In Anya’s Ghost, the novel’s eponymous protagonist is an unpopular, somewhat jaded girl who has the misfortune of falling into an abandoned well, where she… meets a ghost, and things only get weirder and darker from there on, but it is the authentic details of Russian-in-the-US immigrant experience that makes the characters leap off the page. Compared to Anya’s Ghost, Be Prepared is more autobiographical as it draws inspiration from the author’s childhood memories of summers spent in Russian heritage camp while growing up in the US. The result is a fascinating, completely immersive read that I devoured over the course of one lazy afternoon. Brosgol’s drawing style is edgy and darkly magical but also realistic, and the way she portrays characters’ emotional nuances is superb. I can’t wait to read her other works and will be eagerly awaiting whatever she’s going to create next.
Visit Katya de Becerra's blog and follow @KatyaDeBecerra on Twitter, Instagram and Facebook.

--Marshal Zeringue

Tuesday, February 18, 2020

Kathleen West

Kathleen West is a writer, teacher, reader, and semi-professional minivan driver. A life-long Minnesotan, she holds degrees from Macalester College and the University of Minnesota. She lives in Minneapolis with her hilarious husband, their two sporty sons, and an ill-behaved goldendoodle.

West's debut novel is Minor Dramas & Other Catastrophes.

Recently I asked the author about what she was reading. Her reply:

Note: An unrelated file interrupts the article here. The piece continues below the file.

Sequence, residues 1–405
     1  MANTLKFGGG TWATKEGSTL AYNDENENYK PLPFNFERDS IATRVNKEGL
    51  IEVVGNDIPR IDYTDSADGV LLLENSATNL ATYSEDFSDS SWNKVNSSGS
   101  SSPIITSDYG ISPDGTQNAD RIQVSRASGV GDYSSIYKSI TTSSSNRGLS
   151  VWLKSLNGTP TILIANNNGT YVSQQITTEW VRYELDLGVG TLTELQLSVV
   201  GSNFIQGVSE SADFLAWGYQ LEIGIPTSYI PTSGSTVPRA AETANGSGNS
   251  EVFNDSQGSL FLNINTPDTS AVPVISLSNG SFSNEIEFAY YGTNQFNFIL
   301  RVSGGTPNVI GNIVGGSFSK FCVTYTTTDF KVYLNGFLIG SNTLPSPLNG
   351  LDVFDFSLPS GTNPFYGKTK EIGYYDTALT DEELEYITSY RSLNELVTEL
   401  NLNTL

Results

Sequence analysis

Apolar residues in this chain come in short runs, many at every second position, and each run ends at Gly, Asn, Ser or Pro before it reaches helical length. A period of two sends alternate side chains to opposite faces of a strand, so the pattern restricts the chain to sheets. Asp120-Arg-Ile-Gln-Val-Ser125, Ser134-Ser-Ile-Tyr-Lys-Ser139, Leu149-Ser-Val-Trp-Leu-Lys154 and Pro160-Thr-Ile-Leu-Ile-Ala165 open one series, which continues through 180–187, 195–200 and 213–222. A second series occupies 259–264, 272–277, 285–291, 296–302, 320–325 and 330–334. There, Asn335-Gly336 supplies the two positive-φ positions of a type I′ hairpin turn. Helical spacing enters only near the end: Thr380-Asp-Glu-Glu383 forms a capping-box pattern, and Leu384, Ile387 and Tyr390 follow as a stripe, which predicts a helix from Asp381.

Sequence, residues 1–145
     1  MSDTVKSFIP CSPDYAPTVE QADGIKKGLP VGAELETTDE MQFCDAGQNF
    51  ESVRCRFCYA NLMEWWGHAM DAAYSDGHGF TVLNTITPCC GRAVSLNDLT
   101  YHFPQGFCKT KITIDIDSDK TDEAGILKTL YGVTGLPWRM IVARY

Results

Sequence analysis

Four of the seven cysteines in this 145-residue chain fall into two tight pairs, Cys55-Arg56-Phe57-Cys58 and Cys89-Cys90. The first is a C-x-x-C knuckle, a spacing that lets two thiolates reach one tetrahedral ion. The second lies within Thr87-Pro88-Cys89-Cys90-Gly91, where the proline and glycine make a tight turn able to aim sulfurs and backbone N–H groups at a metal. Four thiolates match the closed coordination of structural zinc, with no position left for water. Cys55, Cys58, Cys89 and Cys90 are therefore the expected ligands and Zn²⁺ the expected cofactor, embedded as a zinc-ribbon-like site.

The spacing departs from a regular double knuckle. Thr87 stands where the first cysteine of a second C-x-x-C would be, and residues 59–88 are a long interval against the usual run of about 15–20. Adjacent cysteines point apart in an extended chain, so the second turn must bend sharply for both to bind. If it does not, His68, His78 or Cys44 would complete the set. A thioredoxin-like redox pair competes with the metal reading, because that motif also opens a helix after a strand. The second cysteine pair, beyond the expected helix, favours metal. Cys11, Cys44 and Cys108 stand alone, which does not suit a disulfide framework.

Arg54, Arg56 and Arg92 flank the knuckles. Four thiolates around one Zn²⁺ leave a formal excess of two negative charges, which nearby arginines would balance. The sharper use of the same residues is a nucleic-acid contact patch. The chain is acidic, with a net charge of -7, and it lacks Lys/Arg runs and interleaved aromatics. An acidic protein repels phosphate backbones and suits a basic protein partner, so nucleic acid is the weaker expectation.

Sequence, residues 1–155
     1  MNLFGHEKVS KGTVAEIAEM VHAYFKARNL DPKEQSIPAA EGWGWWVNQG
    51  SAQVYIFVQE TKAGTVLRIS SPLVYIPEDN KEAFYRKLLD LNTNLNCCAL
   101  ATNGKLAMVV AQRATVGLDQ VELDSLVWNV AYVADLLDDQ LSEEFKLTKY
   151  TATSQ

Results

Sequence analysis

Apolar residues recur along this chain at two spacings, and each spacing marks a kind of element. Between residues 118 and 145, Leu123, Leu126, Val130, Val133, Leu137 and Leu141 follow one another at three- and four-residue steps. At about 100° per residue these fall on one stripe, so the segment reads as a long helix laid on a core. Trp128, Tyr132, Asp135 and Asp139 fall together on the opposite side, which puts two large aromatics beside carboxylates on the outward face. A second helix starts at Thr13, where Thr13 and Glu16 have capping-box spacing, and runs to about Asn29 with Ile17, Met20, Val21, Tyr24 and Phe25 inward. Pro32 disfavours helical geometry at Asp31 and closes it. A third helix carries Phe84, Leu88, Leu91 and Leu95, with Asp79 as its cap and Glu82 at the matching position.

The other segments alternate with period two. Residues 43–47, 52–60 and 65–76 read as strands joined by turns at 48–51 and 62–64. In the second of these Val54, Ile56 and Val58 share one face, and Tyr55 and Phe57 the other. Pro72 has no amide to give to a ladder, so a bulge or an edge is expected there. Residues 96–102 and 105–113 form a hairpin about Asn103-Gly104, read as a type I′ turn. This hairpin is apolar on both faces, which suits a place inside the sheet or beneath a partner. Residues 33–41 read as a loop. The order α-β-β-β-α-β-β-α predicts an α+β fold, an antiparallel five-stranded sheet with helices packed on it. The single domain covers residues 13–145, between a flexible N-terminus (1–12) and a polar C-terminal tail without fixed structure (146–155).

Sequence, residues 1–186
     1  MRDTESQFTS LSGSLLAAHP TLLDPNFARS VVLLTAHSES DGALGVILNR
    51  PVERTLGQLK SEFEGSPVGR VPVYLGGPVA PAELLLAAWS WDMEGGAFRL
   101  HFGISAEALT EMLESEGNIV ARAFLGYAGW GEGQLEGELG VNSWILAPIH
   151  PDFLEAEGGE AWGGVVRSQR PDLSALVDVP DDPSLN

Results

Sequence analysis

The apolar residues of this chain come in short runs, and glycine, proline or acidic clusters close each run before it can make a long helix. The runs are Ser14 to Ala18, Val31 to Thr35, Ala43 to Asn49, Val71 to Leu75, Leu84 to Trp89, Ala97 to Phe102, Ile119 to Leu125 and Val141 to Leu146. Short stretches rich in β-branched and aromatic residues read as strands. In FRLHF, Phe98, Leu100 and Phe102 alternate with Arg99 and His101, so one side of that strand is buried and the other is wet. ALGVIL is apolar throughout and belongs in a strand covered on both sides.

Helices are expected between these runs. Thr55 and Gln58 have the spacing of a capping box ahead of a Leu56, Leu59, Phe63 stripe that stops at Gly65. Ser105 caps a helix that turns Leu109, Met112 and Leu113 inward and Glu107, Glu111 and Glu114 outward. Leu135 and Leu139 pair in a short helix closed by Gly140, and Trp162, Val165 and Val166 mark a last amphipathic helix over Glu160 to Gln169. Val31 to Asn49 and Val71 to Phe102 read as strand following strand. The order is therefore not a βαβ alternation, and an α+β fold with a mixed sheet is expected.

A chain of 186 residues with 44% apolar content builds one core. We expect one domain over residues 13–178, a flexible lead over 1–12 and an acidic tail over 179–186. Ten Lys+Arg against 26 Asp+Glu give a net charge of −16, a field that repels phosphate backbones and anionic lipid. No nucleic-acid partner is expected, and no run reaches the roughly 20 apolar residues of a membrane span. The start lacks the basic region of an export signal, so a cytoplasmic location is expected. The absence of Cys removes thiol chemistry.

I recently read and loved Unscripted by Nicole Kronzer. This YA gem arrives from Abrams on April 21st, and adult and teen readers of contemporary fiction will want to pick it up. Here’s what you’re getting into: Improv phenom Zelda Bailey-Cho arrives at her comedy summer camp with her boots laced and ready for action. She knows how the summer will unfold: she’ll make the Varsity improv team, dazzle in the end-of-summer showcase, and start down a certain path to SNL.

But almost immediately, things seem not-quite-as-she-imagined. First, there are only five girls of the 175 campers at Rocky Mountain Theater Arts, and their counselor is MIA. Ben, the handsome Varsity coach is definitely interested in Zelda, but perhaps for insidious reasons. And none of the improv rules Zelda’s memorized—she keeps her bible, The Scene Must Win by comedy legend and camp founder, Jane Lloyd, always on hand—seem to help her in the trickiest of the summer’s situations.

Lucky for Zelda, she’s got allies: the girls of the Gilda Radner cabin, her brother, a Junior Varsity camper, who loves through the distraction of his own budding romance, and the All-American boy scouts at the camp across the road.

Readers get both all the big themes: confidence, competition, misogyny and inequity and all the feels: friendship, self-reliance, and first love. I loved this!
Visit Kathleen West's website.

The Page 69 Test: Minor Dramas & Other Catastrophes.

--Marshal Zeringue

Sunday, February 16, 2020

Robert Dugoni